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David Graeber

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  • Kurds inflict first Major Defeat on Daesh/ ISIL, Rescue Yezidis of Sinjar
    • here's a link with a map of the operation in question

      link to pic.twitter.com

      notice what forces are missing from the Juan Cole description of the event? Not only the YPG/J and PKK which took part in the action, but also, the actual Yezidi defence forces (HPS), which were trained by the YPG/J and PKK. Their involvement in the whole affair is obviously relevant to the larger strategic calculations which Cole proceeds to outline, but somehow, their presence is completely wiped out of the picture.

      When I talked to the Yezidi refugees in Rimellah, who were so angry about the Peshmerga fleeing and leaving so many of them to die or be raped, tortured, and enslaved, someone asked about the role of the PKK and YPG and their tone immediately changed. One said "yes, what they did was absolutely heroic. It wil be written in the pages of history."

      I guess he was naive. If people like this write the history, the true heroism will be entirely wiped off the pages of history and a new account where the soldiers of a corrupt oil state who originally ran away will be instead made the Yezidi saviours.

  • The Yezidi Minority, Daesh/ISIL, and Iraq's Human Rights Catastrophe
    • That's the best dirt you can get on them - some of their volunteers were under 18? Yeah. In a wartime situation teenagers often volunteer to fight and it's hard to document who's who.

      The HR Watch piece was largely Turkish propaganda. Considering that almost nothing Rojava was even accused of - most of the accusations being outright lies - come even close to the sort of human rights abuses Turkey actually does do on a daily basis, I find this comment peculiar.

    • I passed that particular refugee camp on my way to Rojava (the autonomous Kurdish-majority cantons of Syria) a few weeks ago. I was there as part of an academic delegation invited to bear witness to the experiments in direct democracy there. We’d actually passed a number of other, unofficial, Yezidi camps – one dramatic one inside a half-finished skyscraper just outside Dohuk (the residents told us they’d been chased out of a different one by the local government at the behest of the property owner). We then drove past a long strip of sumptuous mansions, in Dohuk, some of them presumably owned by those very proprietors.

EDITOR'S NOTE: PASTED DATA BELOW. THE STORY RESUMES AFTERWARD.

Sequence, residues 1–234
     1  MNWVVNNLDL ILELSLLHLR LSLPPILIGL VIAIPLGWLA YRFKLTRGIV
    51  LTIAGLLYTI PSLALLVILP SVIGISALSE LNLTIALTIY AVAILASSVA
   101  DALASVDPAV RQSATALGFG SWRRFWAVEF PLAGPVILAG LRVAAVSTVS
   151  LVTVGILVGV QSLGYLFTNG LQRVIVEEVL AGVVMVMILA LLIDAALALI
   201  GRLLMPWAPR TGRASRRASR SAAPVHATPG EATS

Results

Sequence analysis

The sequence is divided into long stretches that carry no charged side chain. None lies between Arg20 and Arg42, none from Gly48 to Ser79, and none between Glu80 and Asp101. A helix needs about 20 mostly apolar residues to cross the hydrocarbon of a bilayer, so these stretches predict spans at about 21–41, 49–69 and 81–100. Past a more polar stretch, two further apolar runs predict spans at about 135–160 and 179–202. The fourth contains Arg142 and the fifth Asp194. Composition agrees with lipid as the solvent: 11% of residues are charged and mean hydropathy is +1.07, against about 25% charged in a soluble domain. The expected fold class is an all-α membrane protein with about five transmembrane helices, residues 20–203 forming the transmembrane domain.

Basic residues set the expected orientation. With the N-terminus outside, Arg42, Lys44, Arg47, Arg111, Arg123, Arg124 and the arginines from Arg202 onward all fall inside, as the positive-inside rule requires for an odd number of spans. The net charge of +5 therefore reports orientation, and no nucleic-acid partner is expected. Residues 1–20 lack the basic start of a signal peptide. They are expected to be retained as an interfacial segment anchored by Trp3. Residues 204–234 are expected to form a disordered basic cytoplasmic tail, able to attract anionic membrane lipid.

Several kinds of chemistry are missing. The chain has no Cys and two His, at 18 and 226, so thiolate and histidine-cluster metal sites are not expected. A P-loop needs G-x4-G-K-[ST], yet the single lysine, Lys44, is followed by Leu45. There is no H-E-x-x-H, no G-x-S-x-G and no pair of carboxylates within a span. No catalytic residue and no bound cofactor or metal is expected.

When we entered Rojava, crossing the Tigris on a ferry, one of the first places our hosts took us was a refugee camp, mainly populated by Yezidis, near Rimellah. Conditions there were difficult to say the least. The director of the camp explained to us that they had gotten no international support whatsoever – even the UN had been unwilling to do more than provide tents, arguing that since the area was still technically part of Syria, they were obliged to proceed through the Syrian government. Rojava was forced to provide what they could on their own, which was extremely difficult, considering that Rojava was under total embargo from its neighbors – Daesh to the south, which was in a state of war with them, Turkey to the north, which was not allowing anything to pass back and forth, even medical supplies, and until recently, Iraqi Kurdistan as well, which, pressured by Turkey, had not only refused to allow any movement of goods but was digging a ditch across the border to prevent smuggling. This policy had only recently been modified, after the PKK (and the PYD which is the dominant party in Rojava, and the PKK, are sister organizations) had helped to save Erbil when Daesh forces were no more than 20 kilometers away, back in August. Now there is one bridge where limited traffic is allowed for a few hours a day.
      There is an important difference between Iraqi Kurdistan and Rojava. Unlike in the ostensibly “democratic” areas of Iraq controlled by the KDP and PUK, the first thing Rojava did after they expelled the Syrian Baath regime in 2012 was to completely eliminate all secret police. Political debate is open. People can say what they like. (And most, we found, were extremely vocal.) The Yezidi refugees we spoke to were all quite demonstrative about their situation, and what they said was pretty much uniform: they were absolutely outraged at how the world had treated them.
      The director took us to a tent where a Yezidi matriarch told us of the situation of Yezidi girls who had been sold off, openly, as slaves by the Daesh forces back in the summer. “We know where many of them are. Some have been sold to people in Yemen, others Turkey, the Gulf States, even some in Europe. Why isn’t there an effort to recover them? Why hasn’t the UN, the international community done something about this? You would think that of all things, the open reinstitution of slavery might be of some concern to them! Yet we’ve heard nothing.”
      Gradually, more and more people filled the tent. One young man who spoke English – he said he’d studied in college in Iraq – sat down in the center of the room. I still have a vivid picture of him, in watch cap and glasses, of an obvious intellectual disposition, but simmering with rage. He had a message he wanted us to convey to the world, and I did my best to scribble everything he said into a rain-dampened notebook. Here’s a summary from my notes: